18 Sep Inclusive language in medical translation: Promoting health for all
Medical translation enables borders to be crossed, allowing medical information to reach everyone. This is something I’m sure you already know. But did you know that to ensure that it effectively reaches everywhere and everyone, it is essential that translators use inclusive language in their medical translations?
In other words, among the many challenges faced by translators is that of ensuring that the language used is inclusive, respectful and equitable in every sense. In this post, we will tell you about the importance of inclusive language to promote equity in health care and some strategies to address it.
Cultural and linguistic diversity
Each community has its own cultural norms, values and beliefs. Consequently, each community has its own way of understanding and communicating medical information. Translators must therefore be aware of these cultural differences to avoid misunderstandings and adapt the translation according to the specific cultural context.
Strategies to promote inclusive language in medical translation
How can translators promote inclusive language and facilitate equal access to health care? Here are some key factors:
Adapt the language to the audience:
Translators should consider the target audience and adapt the language to their level of understanding. For example, if the text is intended for a non-scientific audience, it is important to avoid complex medical jargon. In the same way, it is necessary to opt for clear language that facilitates the understanding of medical information.
Acquire cultural sensitivity and respect for beliefs and values:
It is essential to respect cultural beliefs, avoid imposing beliefs, and adapt terminology to respect cultural perspectives. Therefore, translators should identify and address medical terms that may be sensitive in certain cultures. Cultural sensitivity is essential to find appropriate and respectful solutions in the target language.
Research culturally appropriate terms and expressions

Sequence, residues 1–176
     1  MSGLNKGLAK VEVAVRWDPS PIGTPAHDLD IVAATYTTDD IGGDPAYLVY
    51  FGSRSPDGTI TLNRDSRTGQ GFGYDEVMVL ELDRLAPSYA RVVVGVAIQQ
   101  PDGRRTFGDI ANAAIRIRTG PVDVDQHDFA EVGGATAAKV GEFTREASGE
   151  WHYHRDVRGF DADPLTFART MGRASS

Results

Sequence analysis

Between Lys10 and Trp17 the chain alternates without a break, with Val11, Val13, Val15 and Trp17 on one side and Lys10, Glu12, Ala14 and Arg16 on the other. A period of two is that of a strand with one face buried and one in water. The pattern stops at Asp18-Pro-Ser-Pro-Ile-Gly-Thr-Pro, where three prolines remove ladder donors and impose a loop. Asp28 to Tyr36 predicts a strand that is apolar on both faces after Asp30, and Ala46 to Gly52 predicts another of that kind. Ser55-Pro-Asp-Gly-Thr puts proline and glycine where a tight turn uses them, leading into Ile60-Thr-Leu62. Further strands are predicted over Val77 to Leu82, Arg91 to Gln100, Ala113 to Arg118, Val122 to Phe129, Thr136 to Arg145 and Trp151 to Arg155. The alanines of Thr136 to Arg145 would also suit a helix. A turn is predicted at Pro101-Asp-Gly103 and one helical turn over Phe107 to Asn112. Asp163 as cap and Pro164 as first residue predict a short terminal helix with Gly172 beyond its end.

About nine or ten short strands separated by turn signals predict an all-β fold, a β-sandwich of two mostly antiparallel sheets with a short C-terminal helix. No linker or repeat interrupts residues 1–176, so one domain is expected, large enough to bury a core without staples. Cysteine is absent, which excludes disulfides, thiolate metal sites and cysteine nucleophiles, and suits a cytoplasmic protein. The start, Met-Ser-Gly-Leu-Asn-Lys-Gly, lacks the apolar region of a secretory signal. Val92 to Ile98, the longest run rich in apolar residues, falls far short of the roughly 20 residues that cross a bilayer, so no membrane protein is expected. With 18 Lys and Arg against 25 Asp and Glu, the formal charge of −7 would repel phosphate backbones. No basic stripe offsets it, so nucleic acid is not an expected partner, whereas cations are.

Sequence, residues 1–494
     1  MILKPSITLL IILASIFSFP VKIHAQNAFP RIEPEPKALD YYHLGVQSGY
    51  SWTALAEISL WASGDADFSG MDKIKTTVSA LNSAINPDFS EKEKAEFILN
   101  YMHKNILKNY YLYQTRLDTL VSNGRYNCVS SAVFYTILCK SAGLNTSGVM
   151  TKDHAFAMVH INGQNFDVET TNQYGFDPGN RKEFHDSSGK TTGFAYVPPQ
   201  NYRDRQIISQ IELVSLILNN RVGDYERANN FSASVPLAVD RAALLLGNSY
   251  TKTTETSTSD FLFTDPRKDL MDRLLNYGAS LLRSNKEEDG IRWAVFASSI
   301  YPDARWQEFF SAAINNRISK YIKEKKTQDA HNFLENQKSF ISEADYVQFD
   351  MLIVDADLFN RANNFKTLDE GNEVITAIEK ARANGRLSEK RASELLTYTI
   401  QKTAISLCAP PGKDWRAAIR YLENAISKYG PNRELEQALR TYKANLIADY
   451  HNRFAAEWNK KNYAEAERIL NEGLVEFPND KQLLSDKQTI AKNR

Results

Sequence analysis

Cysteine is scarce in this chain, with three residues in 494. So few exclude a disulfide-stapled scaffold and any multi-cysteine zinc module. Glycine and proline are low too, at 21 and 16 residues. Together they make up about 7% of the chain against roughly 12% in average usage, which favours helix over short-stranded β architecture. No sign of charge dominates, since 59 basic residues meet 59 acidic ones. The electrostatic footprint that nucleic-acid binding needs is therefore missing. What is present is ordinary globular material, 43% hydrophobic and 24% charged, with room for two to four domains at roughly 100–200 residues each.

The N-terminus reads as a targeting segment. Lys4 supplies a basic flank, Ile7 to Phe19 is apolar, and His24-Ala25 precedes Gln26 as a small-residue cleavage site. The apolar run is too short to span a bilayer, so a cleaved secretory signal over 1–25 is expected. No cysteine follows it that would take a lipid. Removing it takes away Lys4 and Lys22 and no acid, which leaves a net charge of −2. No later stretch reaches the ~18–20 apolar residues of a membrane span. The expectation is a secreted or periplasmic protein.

Medical translation involves understanding cultural differences and finding terms and expressions that are culturally appropriate and understandable for the target community.
Use gender-neutral and gender-inclusive terms:
It is important to use gender-neutral and gender-inclusive terms and expressions that do not reinforce gender stereotypes or discrimination. For example, use the word “person” instead of “man” or “woman”. Another equally necessary example is the need not to fall into the duality of doctor – man, nurse – woman.
Respect gender identities
When translating medical documents that include information about gender identities, it is important to use terms that are culturally relevant and respectful to LGBTQ+ people.
Consult experts in the field:
Whenever possible, it is beneficial to have the advice of health professionals and subject matter experts in both cultures to ensure an accurate translation. This would include physicians and public health specialists who are native speakers of the target language, and linguists.
Review and feedback:
Likewise, translators should be open to receiving feedback and making adjustments to improve the quality and effectiveness of the message.
Awareness of traditional medical practices:
Some communities may have traditional medical practices and belief systems that differ from those of Western medicine. Translators who are working with texts relating to this field should be respectful and avoid judging the practices that are not characteristic of their culture.
Promoting health for all through inclusive language in medical translation
Medical translation with an inclusive approach is crucial to ensure that health-related information and equitable, quality healthcare effectively reach all communities.
By addressing cultural diversity with sensitivity and respect, translators become agents of change promoting a more inclusive future in access to health information.